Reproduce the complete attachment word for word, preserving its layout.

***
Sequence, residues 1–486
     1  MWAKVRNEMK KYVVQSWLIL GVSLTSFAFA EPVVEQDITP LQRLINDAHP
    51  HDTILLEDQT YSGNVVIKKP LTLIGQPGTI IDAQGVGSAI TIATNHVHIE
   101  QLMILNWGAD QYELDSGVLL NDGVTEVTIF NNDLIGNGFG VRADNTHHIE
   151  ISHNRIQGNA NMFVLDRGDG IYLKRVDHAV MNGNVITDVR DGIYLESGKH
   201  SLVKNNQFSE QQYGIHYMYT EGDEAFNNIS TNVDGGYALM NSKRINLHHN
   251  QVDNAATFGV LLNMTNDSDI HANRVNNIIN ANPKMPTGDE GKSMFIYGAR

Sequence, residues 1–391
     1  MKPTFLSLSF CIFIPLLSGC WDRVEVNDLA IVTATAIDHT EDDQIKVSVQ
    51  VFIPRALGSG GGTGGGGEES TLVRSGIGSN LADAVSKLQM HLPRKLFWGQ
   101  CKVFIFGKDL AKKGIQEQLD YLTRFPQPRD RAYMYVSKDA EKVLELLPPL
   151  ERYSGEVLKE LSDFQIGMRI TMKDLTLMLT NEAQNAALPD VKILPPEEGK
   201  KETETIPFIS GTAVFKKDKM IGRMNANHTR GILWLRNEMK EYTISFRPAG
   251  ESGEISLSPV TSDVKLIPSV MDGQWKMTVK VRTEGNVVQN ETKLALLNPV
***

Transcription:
Sequence, residues 1–486
     1  MWAKVRNEMK KYVVQSWLIL GVSLTSFAFA EPVVEQDITP LQRLINDAHP
    51  HDTILLEDQT YSGNVVIKKP LTLIGQPGTI IDAQGVGSAI TIATNHVHIE
   101  QLMILNWGAD QYELDSGVLL NDGVTEVTIF NNDLIGNGFG VRADNTHHIE
   151  ISHNRIQGNA NMFVLDRGDG IYLKRVDHAV MNGNVITDVR DGIYLESGKH
   201  SLVKNNQFSE QQYGIHYMYT EGDEAFNNIS TNVDGGYALM NSKRINLHHN
   251  QVDNAATFGV LLNMTNDSDI HANRVNNIIN ANPKMPTGDE GKSMFIYGAR

Sequence, residues 1–391
     1  MKPTFLSLSF CIFIPLLSGC WDRVEVNDLA IVTATAIDHT EDDQIKVSVQ
    51  VFIPRALGSG GGTGGGGEES TLVRSGIGSN LADAVSKLQM HLPRKLFWGQ
   101  CKVFIFGKDL AKKGIQEQLD YLTRFPQPRD RAYMYVSKDA EKVLELLPPL
   151  ERYSGEVLKE LSDFQIGMRI TMKDLTLMLT NEAQNAALPD VKILPPEEGK
   201  KETETIPFIS GTAVFKKDKM IGRMNANHTR GILWLRNEMK EYTISFRPAG
   251  ESGEISLSPV TSDVKLIPSV MDGQWKMTVK VRTEGNVVQN ETKLALLNPV